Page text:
A Child-First Approach to Classroom Design
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A Child-First Approach to Classroom Design

>>Dana: The use of space is a
staple of Montessori philosophy. If you would walk in to a Montessori
school in London or in Bangkok or any city around the world,
it’s going to look very similar.>>Bella: Welcome to our classroom. We have our materials set up nice and
neat and I wanted to give you a tour.>>Dana: Part of our philosophy is
that we design the environment to draw out the child’s natural curiosity.>>Bella: My favorite
part is doing culture. The population is the
most incredible thing. There’s like 1.2 billion
people in India.>>Dollie: When we were designing
this building, we knew that we would like for this to be a Montessori school. We needed large classrooms. And, of course, the big
windows let the light in. Every classroom has access
to the outdoors.>>Student: Seven, eight, nine, ten.>>Phyllis: When the kids arrive
at school they come directly into our classroom, then
they go straight to work.>>Teacher: There you go. That’s the one you need.>>Nathan: I get my day started
off by unpacking my book sack, and when I’m done I get all
my materials and my lesson.>>Phyllis: They choose their
work that they want to begin on and they unroll their rug and they
begin doing different lessons. And when they finish one lesson
they go and choose another lesson.>>Bella: I have done a few lessons.>>Amanda: They are allowed to get
their rug and position it wherever in the classroom that
they want to put it. Students may choose to work together or
they may choose to work individually.>>Phyllis Hyatt: The structure is
very different from traditional.>>Student: Twenty-one, twenty-two..>>Phyllis: The kids work for three and
a half hours, usually uninterrupted. If you have twenty students, you have twenty different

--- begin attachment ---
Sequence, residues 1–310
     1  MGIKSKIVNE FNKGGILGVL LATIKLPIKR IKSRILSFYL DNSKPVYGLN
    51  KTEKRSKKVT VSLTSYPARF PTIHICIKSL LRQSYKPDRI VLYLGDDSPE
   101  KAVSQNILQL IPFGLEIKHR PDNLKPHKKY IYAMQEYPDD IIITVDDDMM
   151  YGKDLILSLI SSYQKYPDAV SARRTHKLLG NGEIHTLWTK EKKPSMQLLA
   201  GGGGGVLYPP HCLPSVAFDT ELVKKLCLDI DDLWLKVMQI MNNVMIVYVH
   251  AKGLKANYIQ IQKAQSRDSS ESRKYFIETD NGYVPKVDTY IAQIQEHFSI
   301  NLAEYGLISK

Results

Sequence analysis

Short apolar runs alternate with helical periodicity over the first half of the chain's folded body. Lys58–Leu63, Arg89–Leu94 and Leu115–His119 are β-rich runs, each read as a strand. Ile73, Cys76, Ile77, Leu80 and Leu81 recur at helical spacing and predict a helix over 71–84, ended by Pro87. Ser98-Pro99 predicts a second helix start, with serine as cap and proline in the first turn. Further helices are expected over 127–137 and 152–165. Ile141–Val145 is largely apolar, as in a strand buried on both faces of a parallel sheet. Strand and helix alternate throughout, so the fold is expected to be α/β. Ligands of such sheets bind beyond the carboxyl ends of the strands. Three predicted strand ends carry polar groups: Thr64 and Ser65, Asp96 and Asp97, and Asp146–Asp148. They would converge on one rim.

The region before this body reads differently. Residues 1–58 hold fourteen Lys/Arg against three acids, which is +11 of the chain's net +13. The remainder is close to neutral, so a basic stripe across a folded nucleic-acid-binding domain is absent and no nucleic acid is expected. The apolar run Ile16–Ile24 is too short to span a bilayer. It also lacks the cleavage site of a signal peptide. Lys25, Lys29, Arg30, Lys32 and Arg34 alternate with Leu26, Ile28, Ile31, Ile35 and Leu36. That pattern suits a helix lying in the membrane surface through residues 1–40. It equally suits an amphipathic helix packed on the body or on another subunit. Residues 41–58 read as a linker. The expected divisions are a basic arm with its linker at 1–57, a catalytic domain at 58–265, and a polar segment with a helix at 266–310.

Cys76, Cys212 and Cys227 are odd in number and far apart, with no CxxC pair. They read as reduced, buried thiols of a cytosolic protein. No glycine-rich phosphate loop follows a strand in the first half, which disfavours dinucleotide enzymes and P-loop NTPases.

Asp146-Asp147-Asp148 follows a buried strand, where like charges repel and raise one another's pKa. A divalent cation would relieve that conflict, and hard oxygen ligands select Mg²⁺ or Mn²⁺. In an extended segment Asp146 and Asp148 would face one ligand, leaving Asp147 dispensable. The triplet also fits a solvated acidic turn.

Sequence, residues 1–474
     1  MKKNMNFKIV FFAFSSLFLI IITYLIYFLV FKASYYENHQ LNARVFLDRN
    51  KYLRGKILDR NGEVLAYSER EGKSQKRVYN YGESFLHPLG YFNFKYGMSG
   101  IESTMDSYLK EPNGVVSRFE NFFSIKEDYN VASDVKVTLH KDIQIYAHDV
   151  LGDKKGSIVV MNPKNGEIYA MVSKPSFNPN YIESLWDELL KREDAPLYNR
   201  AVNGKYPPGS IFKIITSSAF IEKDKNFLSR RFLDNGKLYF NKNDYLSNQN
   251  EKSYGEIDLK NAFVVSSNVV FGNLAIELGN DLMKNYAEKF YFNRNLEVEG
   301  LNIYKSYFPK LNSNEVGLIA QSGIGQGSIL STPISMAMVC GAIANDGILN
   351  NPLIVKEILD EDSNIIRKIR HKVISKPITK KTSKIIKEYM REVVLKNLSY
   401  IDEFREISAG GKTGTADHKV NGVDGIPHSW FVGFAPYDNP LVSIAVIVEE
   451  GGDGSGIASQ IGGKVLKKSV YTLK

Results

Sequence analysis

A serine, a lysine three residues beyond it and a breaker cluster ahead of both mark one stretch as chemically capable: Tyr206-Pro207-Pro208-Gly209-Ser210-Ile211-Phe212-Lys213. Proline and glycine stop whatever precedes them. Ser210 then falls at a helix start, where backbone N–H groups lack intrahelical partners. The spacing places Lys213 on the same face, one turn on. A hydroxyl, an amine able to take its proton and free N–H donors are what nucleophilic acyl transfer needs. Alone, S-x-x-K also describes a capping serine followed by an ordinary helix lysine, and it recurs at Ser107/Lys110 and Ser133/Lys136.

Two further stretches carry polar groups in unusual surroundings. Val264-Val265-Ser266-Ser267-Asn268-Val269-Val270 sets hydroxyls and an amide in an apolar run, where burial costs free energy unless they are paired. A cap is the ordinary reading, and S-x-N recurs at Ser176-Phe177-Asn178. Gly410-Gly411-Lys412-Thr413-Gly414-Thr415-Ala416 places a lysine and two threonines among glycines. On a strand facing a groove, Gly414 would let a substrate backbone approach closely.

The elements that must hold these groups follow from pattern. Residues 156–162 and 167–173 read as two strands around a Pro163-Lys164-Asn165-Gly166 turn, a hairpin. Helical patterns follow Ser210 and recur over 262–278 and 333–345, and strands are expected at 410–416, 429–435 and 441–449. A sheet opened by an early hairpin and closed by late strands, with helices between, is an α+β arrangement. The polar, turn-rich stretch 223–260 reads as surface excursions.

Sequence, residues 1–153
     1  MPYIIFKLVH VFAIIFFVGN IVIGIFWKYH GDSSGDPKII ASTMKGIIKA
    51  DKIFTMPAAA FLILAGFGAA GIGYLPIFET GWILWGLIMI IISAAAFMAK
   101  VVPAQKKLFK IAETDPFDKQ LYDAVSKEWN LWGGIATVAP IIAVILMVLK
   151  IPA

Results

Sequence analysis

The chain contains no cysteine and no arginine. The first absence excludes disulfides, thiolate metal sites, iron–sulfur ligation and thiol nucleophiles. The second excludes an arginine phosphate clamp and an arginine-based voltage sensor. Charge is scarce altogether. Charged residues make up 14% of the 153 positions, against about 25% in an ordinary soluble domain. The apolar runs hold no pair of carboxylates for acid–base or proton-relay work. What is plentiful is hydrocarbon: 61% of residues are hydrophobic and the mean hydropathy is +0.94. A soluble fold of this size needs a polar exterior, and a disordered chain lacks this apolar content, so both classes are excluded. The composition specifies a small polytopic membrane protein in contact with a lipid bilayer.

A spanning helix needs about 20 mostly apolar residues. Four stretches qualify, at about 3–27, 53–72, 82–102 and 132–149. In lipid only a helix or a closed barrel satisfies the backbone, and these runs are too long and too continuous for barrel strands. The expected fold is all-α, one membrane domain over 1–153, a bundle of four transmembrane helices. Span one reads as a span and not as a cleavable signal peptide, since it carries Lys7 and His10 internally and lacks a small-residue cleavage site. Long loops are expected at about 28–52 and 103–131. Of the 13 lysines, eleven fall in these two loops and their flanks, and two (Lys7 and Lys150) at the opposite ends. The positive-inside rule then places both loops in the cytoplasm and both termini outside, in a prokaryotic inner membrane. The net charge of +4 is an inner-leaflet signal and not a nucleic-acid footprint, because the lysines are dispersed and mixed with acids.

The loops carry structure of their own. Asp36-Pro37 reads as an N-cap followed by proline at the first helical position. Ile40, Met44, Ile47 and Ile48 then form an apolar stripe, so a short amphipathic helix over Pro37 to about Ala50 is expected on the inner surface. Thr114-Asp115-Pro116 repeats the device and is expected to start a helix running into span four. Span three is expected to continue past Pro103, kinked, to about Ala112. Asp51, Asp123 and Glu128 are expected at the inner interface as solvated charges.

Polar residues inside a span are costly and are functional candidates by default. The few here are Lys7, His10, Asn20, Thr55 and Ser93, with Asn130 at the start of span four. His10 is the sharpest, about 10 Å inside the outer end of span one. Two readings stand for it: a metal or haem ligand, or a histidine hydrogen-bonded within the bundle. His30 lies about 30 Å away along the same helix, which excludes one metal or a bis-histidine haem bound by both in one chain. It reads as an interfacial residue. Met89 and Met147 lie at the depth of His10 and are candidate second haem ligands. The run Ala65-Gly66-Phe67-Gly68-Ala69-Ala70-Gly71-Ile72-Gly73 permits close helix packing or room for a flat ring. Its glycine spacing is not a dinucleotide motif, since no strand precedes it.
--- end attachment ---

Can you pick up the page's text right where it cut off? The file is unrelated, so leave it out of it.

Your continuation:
lessons going on at one time.>>Phyllis: We’re going to stack it
so that we can read our numeral.>>Amanda: Research has shown
that it’s very important for kids to be able to move. Children at this age don’t
have a large attention span. So, they don’t learn as
much if they’re sitting in a forty-minute lecture
listening to the teacher talk. In a Montessori room, they’re able
to move as much as they need to move in order to activate their brain.>>Dollie: The Montessori classroom–
you can’t change it up a lot. All of the lessons have to be in very
particular spots, in a particular order.>>Nathan: This is where we
learn all about our state and this helps us learn about time.>>Dan: As the shelves progress, the
lessons get more and more challenging. So, the child is really able to see the
other materials that they’ll be able to learn as well as how
far they’ve come.>>Bella: Case is the snack helper. Mady is the substitute and she
is also the zoologist, and my job is the teacher’s assistant.>>Phyllis: Our “Practical Life” is a
big part of Montessori and that’s where the kids wash the dishes; if the room needs dusting,
they have dusting cloths. We also have animals
that they take care of.>>Amanda: We have gardens outside of
our classroom that they take care of.>>Group: What do you say–>>Amanda: Taking care of yourself
and the environment around you, it’s part of growing the whole child.>>Amanda: In Montessori, it’s
important for children to understand that there’s a very big world out there
and we’re just a small piece of it.

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